I'm a beginner photographer and am in the learning phase. The other day I was shooting in the A-mode, I needed a small DOF but the lighting was a bit dark. So when I took the pictures the shutter speed was too slow and they were all blurred. I tried increasing the exposure but this did not help either. How do we get enough light to the sensor in this scenario?
The main way you balance out light against your needs for the image is the "exposure triangle" of the three main settings: ISO, aperture, and shutter speed. You have to choose your priorities: noise (ISO), depth of field (aperture), or the possibility of blur (shutter speed).
Outside of these three settings, however, you do have two other options. You can use a tripod, which will allow you to use longer shutter speeds without camera shake blur (but which will still allow for subject motion blur), or if you really want a low iso, small aperture, and fast shutter speed then you have to add more light to the scene--typically with a flash.
You can try continuous light sources, but they generally have to be pretty powerful to accomplish what you want. A hotshoe flash, while it's more difficult to visualize than a continuous light, can deliver a LOT of light in a small battery-powered package. And while your built-in flash doesn't allow you to change the light quality/placement very well, and often gives that dead flat white look, lighting with a hotshoe flash and especially an off-camera hotshoe flash with modifiers is a whole 'nother game.
If you want to go this route, however, I'd recommend three things. First, be absolutely sure you've mastered ambient-only (non-flash) photography. Be comfortable shooting in M mode and knowing how to juggle stops between your iso, aperture, and shutter speed, because that's simple stuff compared to thinking about light and exposure when you throw in flash, too. Secondly, budget for a TTL/OEM flash if you can. Flash can transform your photography even more than a new lens; you should expect to spend as you would for a new lens--at least for your first/only, TTL-capable flash so you can use it both on and off camera with equal facility. Thirdly, read a bit before diving in. The two websites I recommend to anyone who wants to learn flash are Neil van Niekerk's Tangents website, and David Hobby's Strobist website, in that order (i.e., learn on-camera bouncing before you go all studio-lighting style with off-camera).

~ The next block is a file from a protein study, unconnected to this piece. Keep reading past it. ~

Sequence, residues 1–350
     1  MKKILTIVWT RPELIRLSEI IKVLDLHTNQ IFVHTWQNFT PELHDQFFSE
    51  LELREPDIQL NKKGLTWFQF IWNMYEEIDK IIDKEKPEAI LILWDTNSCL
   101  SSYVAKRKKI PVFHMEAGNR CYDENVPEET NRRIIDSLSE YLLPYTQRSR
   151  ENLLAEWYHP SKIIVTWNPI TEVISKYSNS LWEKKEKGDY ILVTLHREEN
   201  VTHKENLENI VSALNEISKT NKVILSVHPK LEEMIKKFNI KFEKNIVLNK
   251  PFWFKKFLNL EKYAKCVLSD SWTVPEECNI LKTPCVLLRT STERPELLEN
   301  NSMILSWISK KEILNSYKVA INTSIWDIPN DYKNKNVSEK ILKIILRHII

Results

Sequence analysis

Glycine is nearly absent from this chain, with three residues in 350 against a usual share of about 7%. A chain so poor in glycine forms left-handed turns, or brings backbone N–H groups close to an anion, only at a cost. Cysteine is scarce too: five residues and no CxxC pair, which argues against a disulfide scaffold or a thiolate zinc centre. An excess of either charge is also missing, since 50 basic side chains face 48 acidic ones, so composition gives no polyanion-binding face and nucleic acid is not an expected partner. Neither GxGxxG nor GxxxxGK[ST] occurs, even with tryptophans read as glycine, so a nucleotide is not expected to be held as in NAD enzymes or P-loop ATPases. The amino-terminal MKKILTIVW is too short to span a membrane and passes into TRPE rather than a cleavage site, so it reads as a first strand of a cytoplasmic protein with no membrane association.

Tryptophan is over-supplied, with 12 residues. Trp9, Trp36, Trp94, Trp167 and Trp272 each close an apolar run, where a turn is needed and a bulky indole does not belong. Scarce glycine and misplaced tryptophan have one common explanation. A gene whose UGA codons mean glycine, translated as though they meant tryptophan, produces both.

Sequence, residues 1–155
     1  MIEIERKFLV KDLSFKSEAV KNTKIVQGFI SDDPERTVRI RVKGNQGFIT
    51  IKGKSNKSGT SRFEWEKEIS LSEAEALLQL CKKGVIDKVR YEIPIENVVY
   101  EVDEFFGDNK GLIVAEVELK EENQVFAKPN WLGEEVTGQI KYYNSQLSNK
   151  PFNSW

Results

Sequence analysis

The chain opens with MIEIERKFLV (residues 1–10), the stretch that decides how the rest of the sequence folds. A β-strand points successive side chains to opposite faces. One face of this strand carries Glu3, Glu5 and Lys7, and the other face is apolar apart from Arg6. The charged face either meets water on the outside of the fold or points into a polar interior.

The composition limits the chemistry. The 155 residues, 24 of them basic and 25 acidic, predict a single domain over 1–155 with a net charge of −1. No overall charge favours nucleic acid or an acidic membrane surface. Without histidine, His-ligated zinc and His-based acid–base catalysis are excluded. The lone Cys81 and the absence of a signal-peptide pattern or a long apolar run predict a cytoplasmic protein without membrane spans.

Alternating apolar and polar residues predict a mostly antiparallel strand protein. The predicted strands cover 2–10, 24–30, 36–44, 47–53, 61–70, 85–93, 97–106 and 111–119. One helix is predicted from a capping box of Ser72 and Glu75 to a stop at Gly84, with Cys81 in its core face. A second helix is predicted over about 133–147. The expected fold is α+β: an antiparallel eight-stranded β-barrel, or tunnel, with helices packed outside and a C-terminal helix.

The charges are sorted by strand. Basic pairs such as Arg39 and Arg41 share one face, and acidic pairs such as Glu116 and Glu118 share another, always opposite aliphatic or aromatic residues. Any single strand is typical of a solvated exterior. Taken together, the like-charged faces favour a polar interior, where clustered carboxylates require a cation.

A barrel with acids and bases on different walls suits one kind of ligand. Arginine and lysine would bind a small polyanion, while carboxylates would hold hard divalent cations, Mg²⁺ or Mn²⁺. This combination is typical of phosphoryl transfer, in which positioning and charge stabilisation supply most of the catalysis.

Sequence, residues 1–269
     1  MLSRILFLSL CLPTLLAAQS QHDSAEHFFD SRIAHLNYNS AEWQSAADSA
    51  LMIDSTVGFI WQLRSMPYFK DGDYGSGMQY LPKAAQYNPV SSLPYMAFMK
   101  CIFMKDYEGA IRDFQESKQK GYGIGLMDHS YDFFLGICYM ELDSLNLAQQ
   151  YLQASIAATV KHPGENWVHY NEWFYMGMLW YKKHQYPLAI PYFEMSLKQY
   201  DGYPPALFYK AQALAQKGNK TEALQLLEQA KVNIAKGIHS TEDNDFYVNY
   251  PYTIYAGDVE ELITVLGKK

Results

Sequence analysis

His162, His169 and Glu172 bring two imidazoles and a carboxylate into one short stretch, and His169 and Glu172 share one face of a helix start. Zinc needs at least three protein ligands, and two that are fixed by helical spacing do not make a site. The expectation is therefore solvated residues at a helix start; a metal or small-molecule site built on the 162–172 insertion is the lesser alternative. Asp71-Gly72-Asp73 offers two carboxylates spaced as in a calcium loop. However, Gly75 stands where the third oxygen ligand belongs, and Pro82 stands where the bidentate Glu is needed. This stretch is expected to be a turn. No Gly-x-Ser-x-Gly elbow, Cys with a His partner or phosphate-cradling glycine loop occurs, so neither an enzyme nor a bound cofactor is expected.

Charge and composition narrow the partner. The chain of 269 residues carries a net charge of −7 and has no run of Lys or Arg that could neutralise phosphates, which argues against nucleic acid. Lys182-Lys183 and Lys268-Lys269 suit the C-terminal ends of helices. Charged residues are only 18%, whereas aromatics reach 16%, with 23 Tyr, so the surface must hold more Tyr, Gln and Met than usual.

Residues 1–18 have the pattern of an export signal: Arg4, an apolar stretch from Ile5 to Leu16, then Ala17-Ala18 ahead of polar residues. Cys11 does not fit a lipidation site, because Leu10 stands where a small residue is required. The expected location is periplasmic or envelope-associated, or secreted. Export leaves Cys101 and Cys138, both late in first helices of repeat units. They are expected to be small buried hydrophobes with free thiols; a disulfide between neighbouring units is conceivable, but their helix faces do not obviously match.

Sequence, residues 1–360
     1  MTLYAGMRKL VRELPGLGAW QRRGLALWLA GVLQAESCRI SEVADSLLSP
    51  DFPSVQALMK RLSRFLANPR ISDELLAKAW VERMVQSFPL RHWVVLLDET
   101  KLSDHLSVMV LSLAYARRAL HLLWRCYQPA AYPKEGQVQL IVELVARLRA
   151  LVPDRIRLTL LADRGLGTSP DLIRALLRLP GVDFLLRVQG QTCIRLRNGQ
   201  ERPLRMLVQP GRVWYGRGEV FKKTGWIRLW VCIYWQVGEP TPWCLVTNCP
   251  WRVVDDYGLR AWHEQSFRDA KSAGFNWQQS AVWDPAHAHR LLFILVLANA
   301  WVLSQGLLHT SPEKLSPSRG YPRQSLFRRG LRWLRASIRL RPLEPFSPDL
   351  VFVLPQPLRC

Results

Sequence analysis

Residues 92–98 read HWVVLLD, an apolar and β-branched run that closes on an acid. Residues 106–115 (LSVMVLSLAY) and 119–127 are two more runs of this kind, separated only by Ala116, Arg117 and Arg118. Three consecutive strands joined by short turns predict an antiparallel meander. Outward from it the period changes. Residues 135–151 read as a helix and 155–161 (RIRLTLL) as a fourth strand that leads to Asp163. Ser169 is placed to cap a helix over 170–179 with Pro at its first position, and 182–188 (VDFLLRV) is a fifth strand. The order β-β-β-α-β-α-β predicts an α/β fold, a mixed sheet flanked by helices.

When in Aperture mode, keep an eye on the shutter-speed and learn what is acceptable for your lens. When it gets too low, raise the ISO.
Depending on your camera, you have options to do that. Most cameras have an Auto ISO mode and a few let you select a minimal shutter-speed. It's not great because that usually depends on the lens (the actual focal-length, so even on the same lens, depending where you zoom).
Some cameras have adaptive Auto ISO, so it considers the shutter-speed before raising the ISO.
Try the three primary parameters, Aperture, Shutter, and ISO. You ahve tried exposure and aperture, have you tried increasing ISO. That will allow more light into the sensor.
And since you say it's indoors with less light, try using a tripod or something to keep the camera still. Remember, irrespective of what all the tutorials say or experts speak, as a beginner you will learn only by the trial and error method. Keep trying and have fun.